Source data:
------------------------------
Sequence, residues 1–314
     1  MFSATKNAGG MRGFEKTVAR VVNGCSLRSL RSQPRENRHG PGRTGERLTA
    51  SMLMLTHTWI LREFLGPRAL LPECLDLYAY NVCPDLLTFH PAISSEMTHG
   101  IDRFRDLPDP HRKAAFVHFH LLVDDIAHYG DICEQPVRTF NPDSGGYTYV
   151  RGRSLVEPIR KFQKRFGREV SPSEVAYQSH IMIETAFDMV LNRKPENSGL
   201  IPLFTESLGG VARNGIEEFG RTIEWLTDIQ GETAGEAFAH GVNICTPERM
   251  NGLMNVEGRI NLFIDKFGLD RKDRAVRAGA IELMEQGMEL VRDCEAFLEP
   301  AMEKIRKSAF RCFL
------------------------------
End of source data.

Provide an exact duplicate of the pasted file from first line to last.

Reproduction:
Sequence, residues 1–314
     1  MFSATKNAGG MRGFEKTVAR VVNGCSLRSL RSQPRENRHG PGRTGERLTA
    51  SMLMLTHTWI LREFLGPRAL LPECLDLYAY NVCPDLLTFH PAISSEMTHG
   101  IDRFRDLPDP HRKAAFVHFH LLVDDIAHYG DICEQPVRTF NPDSGGYTYV
   151  RGRSLVEPIR KFQKRFGREV SPSEVAYQSH IMIETAFDMV LNRKPENSGL
   201  IPLFTESLGG VARNGIEEFG RTIEWLTDIQ GETAGEAFAH GVNICTPERM
   251  NGLMNVEGRI NLFIDKFGLD RKDRAVRAGA IELMEQGMEL VRDCEAFLEP
   301  AMEKIRKSAF RCFL